Sen. Marcia Washington also seemed to take issue with the deal between gaming employers and employees.
“My big concern is about all of the workers, not just the Culinary,” Washington said.
Governor backs measure
Business groups including the Nevada Resort Association, the Vegas Chamber and the National Federation of Independent Business Nevada have been pushing for those protections for months to shield them from lawsuits brought by customers or workers who contracted COVID-19.
Gov. Steve Sisolak addressed the bill at length in a press briefing Monday, saying the protections it seeks to provide for workers and employers are extremely important to him.
“I need to do everything I can as governor to protect the safety of the workers that are working in the hospitality industry in particular, that are helping us lead this comeback, resurgence,” he said. “At the same time, I need to protect the jobs. These companies are operating in a very fragile situation right now. … I need to do everything I can to make sure that those jobs are available for Nevadans as we work through this.”
He added that the immunity from liability “only exists if the businesses are practicing the best methodology and they are following all the directives that we put forward. If they don’t do that, they’re opening themselves out to this liability. And trust me, there’s going to be people that are willing to take advantage.”
The bill also requires the state health department and local health districts to adopt and enforce regulations in the state’s largest counties by population, Clark and Washoe, to reduce and prevent the spread of the virus in public places. The regulations would apply only during a declared health emergency.
The regulations are to include standards of cleaning and other protocols to limit transmission and train workers on prevention and mitigation. Hotel rooms at casinos would have to be cleaned daily. Businesses that do not comply with health requirements can see their licenses suspended.
Health districts in Clark and Washoe counties are also required to work with the state Gaming Control Board to advise on public health matters and enforce regulations adopted by the board.
Public accommodations covered by the mandate must establish and maintain confidential written response plans that provide testing and time off for employees who are exposed to the virus or are diagnosed with it, something that Las Vegas’ resort workers have been asking to be mandated.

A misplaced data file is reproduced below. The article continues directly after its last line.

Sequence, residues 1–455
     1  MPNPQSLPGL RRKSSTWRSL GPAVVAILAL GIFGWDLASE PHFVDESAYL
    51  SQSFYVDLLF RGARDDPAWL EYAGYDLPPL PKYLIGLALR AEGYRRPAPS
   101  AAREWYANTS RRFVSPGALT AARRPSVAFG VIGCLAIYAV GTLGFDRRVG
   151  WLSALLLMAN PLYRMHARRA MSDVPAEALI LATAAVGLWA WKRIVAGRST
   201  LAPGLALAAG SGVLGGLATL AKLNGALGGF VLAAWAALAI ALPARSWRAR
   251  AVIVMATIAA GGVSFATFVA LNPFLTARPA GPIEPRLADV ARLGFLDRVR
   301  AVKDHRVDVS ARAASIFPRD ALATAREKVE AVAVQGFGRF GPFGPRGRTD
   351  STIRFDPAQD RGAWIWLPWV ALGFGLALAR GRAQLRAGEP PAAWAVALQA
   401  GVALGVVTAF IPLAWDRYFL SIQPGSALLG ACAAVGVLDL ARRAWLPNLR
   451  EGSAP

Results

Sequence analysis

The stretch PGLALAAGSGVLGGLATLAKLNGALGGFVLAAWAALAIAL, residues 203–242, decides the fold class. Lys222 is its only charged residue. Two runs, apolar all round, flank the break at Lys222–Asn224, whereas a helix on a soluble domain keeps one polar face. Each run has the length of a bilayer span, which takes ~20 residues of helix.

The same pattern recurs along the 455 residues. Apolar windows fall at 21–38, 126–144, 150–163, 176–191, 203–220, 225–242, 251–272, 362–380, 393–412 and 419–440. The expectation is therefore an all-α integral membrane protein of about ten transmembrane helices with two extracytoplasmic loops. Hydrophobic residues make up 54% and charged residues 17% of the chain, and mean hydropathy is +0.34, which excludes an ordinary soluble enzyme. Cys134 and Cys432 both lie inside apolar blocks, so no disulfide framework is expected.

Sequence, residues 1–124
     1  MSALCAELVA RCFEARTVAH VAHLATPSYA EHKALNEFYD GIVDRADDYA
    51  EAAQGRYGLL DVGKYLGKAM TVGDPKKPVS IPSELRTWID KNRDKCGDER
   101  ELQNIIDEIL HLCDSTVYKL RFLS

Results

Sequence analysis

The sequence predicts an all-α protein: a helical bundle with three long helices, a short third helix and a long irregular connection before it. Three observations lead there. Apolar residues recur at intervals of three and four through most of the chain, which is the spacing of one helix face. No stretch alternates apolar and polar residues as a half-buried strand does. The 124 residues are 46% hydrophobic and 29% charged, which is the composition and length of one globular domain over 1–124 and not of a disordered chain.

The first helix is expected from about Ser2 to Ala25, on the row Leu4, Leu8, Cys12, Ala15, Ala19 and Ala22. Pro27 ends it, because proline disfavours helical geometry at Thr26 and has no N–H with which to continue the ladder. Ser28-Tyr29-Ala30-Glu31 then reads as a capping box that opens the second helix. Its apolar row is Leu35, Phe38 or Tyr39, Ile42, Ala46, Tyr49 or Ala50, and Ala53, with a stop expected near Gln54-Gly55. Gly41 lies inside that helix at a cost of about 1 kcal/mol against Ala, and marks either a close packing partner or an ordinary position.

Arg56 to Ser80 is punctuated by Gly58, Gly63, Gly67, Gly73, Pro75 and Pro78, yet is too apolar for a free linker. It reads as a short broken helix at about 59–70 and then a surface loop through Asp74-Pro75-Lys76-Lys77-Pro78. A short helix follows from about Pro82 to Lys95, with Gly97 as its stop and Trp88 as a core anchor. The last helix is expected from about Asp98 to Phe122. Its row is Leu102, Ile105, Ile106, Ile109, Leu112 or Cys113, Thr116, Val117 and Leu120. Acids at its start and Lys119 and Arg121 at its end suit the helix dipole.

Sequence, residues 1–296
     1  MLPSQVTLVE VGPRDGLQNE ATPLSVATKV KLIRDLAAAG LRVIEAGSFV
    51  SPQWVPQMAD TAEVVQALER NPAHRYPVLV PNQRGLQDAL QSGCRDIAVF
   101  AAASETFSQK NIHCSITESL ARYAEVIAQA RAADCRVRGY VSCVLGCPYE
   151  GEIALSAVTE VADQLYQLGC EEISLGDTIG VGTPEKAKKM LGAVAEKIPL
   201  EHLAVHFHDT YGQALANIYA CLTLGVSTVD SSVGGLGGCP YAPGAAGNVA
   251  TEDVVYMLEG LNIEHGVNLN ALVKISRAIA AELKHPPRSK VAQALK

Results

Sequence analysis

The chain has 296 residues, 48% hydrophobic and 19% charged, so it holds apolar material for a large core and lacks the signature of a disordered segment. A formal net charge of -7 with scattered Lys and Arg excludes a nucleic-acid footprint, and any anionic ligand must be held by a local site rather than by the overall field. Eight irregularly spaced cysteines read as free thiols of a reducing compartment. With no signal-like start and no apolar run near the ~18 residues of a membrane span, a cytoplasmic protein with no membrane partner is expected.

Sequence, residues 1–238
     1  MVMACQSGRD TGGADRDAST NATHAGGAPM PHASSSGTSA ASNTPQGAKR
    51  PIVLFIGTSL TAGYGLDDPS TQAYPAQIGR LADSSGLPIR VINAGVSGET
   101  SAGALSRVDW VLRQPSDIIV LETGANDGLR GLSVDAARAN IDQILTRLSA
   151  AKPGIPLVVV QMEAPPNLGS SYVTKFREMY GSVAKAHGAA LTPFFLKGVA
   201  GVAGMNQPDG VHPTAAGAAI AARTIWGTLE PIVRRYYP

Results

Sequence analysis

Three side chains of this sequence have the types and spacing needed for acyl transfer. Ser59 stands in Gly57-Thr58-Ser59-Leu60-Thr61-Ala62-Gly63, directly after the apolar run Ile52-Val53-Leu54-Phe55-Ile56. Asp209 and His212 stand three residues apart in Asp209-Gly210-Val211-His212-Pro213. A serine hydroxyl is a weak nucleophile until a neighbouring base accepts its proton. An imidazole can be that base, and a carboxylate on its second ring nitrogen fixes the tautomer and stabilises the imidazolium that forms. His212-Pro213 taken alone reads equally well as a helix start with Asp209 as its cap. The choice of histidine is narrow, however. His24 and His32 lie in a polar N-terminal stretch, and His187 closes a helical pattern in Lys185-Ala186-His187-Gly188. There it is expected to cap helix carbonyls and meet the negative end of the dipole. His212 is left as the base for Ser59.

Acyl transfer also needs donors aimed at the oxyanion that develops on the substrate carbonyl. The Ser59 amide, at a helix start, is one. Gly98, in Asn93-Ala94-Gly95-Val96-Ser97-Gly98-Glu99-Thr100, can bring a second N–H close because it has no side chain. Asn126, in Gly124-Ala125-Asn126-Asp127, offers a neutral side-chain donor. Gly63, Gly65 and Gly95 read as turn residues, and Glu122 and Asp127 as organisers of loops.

Those written plans must be submitted to the Gaming Control Board or the local authority, depending on which has jurisdiction. Facilities will be barred from retaliating against any employee who reports violations or seeks enforcement of the rules.
Finally, the bill provides a total of $2.5 million in federal pandemic assistance funding to the health districts in both counties for enforcement, 80 percent to Clark and 20 percent to Washoe.
During a Monday news conference, Sisolak also addressed Senate Bill 3, which concerns reforms to the state unemployment insurance department. The bill passed unanimously out of the Senate in an early morning vote Tuesday just before 3 a.m.
Like many lawmakers, Sisolak said the bill isn’t the final word, but rather that it “begins a process.”
“This bill is going to give us more flexibility and also increase the length of time that people are on benefits,” Sisolak said.
He promised “more information coming out from our office later this week about some change in DETR, some folks we are bringing in to help us with this.
“We’ve spent a lot of time dealing with this,” he said. “It’s extremely important to me that people who are entitled to the money get the money as quickly as possible. But that being said, you’ve seen some reports about the fraud that’s going on.”
During hearings Sunday, senators heard emotional stories of people facing problems in getting unemployment insurance benefits, despite having been furloughed for months.
Officials also said they expect that a federal audit would reveal fraudulent claims in the state’s unemployment rolls.